On Wed, Aug 5, 2009 at 8:02 AM, Ashley Sheridan<a...@ashleysheridan.co.uk> 
> On Wed, 2009-08-05 at 21:49 +1000, Clancy wrote:
>> Thank you to all of you who have commented on this query.
>> On the subject of comments, I feel that Larry Garfield settled this query by 
>> pointing out
>> that halving the size of a particular document gave a barely noticeable 
>> increase in speed.
>> Paul Foster pointed out the problem of maintenance, but if, as I do, you do 
>> your
>> development in-house, and then upload the working copies of the program, it 
>> would be
>> possible to strip out comments when you upload it. If you were really 
>> paranoid, this could
>> have the advantage that if somebody managed to steal your code from the 
>> server it would be
>> that much harder for them to understand. On the other hand the process of 
>> stripping out
>> the comments could potentially introduce new bugs, and I think this 
>> consideration would
>> outweigh anything else.
>> I have recently come to the conclusion that I should never consider anything 
>> completed
>> until I have analysed the HTML code for an actual page. It is amazing how 
>> badly mangled
>> tables and the like can be without producing any visible effect on the page, 
>> and on
>> several occasions I have found PHP error messages which were mixed up with 
>> the HTML in
>> such a way that they were not displayed at all. On at least one occasion 
>> this gave me the
>> clue to an otherwise baffling bug.
>> I have also discovered that the process of analysing the HTML is made 
>> substantially
>> simpler by inserting HTML comments into the output; e.g. instead of
>>       Echo '</td></tr></table></td></tr></table>';
>> write
>> ?>
>> </td></tr></table>
>> <!-End of table 2 '
>> </td></tr></table>
>> <!-End of table 1 '
>> Unfortunately, for HTML readability, it is highly desirable not to indent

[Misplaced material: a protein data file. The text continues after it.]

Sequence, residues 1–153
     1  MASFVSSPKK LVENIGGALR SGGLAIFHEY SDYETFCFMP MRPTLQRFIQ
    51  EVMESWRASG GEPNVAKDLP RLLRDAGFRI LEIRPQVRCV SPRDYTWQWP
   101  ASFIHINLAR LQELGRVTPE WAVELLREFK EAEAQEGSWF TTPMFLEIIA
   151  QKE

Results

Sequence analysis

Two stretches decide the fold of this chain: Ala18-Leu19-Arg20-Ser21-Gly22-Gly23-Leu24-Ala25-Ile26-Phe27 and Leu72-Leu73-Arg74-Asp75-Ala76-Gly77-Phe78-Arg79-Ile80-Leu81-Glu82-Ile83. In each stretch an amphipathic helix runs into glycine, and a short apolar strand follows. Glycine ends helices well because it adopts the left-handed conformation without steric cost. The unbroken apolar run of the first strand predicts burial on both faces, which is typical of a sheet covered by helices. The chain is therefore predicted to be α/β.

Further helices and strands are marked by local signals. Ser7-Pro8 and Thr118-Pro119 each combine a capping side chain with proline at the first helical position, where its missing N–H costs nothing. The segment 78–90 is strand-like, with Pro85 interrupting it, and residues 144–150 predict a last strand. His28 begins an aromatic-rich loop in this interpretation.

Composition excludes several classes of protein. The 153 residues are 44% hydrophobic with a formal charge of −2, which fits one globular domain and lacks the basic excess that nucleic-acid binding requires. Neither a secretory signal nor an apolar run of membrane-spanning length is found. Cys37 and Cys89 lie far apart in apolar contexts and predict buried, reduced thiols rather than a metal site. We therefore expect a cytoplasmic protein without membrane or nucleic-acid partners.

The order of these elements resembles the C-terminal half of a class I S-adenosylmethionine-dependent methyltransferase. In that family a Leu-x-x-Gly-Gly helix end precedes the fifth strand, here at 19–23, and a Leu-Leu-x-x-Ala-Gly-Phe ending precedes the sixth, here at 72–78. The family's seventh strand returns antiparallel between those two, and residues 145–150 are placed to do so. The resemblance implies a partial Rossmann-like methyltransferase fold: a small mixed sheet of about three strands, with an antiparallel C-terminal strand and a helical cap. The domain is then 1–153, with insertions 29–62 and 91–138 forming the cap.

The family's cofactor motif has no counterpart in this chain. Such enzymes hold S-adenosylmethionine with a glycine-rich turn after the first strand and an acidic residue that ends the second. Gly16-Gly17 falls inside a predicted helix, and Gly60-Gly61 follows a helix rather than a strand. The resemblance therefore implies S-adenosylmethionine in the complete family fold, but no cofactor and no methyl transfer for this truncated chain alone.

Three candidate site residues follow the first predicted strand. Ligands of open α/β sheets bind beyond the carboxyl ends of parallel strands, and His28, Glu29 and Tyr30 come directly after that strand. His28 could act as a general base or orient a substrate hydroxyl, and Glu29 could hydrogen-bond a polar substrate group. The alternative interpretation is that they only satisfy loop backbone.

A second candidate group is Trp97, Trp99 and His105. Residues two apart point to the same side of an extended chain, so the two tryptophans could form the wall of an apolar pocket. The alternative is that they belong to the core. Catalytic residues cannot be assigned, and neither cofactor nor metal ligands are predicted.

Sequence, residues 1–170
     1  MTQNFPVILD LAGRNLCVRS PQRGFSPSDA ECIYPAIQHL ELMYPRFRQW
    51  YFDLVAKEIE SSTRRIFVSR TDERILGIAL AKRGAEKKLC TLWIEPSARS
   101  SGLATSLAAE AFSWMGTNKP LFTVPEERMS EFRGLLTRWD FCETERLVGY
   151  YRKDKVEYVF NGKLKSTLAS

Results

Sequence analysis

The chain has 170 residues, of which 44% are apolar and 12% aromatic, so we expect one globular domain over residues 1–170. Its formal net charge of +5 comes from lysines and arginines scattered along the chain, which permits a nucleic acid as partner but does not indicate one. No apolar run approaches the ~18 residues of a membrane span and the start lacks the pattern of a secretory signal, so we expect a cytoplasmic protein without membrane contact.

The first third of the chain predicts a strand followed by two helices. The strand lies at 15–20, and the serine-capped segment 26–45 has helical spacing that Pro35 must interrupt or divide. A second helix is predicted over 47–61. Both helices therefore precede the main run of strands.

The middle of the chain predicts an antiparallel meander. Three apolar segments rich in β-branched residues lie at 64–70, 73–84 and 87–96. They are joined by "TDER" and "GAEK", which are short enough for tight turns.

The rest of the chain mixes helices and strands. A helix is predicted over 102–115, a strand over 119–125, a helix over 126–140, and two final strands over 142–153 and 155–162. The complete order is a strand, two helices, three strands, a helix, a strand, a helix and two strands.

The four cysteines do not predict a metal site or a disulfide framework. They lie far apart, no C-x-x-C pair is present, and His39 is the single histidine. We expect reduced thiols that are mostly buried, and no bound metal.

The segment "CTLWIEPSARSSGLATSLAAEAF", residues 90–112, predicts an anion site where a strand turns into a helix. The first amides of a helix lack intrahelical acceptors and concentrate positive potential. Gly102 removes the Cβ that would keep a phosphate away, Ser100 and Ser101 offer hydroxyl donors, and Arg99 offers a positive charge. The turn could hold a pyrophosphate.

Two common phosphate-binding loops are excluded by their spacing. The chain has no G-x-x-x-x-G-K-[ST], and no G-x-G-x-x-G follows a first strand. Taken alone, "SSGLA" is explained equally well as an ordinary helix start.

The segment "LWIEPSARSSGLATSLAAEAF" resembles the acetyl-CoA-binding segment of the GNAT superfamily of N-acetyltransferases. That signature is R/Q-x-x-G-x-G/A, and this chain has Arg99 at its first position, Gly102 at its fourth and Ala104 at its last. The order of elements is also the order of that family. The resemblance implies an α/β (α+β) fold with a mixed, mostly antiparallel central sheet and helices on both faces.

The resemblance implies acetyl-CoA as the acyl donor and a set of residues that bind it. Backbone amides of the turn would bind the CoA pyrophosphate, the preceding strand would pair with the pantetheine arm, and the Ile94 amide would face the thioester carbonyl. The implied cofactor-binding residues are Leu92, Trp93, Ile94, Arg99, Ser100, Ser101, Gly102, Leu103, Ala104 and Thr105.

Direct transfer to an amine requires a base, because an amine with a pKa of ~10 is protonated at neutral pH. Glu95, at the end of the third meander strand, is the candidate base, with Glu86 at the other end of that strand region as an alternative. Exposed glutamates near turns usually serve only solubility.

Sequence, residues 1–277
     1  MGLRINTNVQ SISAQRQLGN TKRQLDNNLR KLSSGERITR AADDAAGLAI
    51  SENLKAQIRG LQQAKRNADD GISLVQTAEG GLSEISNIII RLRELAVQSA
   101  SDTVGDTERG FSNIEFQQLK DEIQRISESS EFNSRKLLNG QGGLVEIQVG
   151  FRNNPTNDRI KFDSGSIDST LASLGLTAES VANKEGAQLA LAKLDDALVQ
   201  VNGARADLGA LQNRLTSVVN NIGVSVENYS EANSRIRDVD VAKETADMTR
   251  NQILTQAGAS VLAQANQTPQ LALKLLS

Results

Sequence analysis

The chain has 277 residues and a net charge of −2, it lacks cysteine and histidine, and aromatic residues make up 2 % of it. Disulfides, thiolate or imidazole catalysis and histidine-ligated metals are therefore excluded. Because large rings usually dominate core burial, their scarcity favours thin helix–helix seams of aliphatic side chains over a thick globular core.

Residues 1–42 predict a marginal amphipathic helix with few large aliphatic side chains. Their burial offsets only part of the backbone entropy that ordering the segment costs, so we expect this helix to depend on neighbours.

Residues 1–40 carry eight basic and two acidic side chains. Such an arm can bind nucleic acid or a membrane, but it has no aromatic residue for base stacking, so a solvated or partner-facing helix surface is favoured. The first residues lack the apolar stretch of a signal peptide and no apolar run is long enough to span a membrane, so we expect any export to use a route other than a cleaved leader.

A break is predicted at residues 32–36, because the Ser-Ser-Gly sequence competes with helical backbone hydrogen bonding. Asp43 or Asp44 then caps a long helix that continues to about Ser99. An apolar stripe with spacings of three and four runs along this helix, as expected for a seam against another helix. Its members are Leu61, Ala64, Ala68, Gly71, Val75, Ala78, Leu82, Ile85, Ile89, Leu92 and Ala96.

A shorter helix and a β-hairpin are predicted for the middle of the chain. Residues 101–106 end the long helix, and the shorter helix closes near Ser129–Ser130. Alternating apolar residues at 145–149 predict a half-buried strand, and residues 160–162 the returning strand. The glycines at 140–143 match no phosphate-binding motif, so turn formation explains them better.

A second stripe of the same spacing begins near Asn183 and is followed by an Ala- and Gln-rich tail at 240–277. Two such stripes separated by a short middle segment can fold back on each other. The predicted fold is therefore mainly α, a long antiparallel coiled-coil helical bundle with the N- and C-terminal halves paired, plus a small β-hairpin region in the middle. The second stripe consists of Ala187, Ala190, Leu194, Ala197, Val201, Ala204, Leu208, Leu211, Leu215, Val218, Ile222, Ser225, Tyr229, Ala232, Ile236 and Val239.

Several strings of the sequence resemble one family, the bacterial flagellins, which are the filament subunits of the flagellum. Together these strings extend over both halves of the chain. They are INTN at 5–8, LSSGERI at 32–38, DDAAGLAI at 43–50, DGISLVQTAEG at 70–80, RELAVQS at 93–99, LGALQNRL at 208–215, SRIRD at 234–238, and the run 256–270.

>> the code, and if
>> you are trying to have nicely indented braces, this makes the PHP code that 
>> much harder to
>> interpret.
>> And on the question of functions there is some virtue (primarily from the 
>> point of view of
>> maintenance) in not having individual files too large, so while it seems to 
>> be the general
>> consensus that splitting up functions into groups to give smaller files will 
>> probably slow
>> things down a bit, if they can be grouped into sets which are only loaded in 
>> particular
>> circumstances this would be worth doing.
> Nested tables are the devils playthings!
> Thanks,
> Ash
> http://www.ashleysheridan.co.uk
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I would agree there...we have an app that allows users to create forms
dynamically with a left and right panel section along with some full
width plug-in. At a minimum this is built with three nested tables.
Here's the really rotten part, the VP (original dev for the display
code) screwed a table close up somewhere. A bug they found literally
minutes before it when to prod at a client site, instead of giving me
15 minutes to trace it down, they wrapped the entire table structure
in another table to make it look pretty.

Drives me mental as it produces lots a visual screw up when a certain
pattern in the form elements is created



Cat, the other other white meat

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